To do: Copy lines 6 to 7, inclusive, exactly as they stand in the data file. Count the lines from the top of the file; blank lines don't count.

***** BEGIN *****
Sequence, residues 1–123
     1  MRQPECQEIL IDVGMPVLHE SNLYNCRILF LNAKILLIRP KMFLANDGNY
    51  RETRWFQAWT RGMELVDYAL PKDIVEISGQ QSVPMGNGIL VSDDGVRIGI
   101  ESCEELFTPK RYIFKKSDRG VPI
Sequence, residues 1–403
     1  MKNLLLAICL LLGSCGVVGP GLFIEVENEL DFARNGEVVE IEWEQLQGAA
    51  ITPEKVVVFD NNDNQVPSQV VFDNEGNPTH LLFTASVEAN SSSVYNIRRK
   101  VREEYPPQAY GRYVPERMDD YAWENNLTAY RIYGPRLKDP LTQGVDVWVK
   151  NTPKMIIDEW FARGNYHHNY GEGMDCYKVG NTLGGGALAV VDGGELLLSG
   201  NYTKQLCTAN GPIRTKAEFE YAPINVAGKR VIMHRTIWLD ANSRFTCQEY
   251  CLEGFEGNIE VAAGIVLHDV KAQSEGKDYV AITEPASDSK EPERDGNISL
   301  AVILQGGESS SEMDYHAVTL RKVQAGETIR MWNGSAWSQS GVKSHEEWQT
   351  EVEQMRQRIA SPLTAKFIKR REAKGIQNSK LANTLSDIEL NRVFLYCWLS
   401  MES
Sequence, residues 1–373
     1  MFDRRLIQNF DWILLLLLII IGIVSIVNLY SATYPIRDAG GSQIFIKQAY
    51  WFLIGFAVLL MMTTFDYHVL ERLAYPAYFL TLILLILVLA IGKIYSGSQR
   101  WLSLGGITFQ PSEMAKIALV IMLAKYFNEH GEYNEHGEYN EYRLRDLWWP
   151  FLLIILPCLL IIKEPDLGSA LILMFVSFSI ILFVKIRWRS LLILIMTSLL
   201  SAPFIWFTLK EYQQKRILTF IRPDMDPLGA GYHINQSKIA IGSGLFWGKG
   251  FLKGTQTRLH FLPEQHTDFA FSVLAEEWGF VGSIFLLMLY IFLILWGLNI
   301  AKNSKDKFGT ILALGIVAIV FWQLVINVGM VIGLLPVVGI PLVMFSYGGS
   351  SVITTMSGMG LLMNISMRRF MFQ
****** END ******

     1  MKNLLLAICL LLGSCGVVGP GLFIEVENEL DFARNGEVVE IEWEQLQGAA
    51  ITPEKVVVFD NNDNQVPSQV VFDNEGNPTH LLFTASVEAN SSSVYNIRRK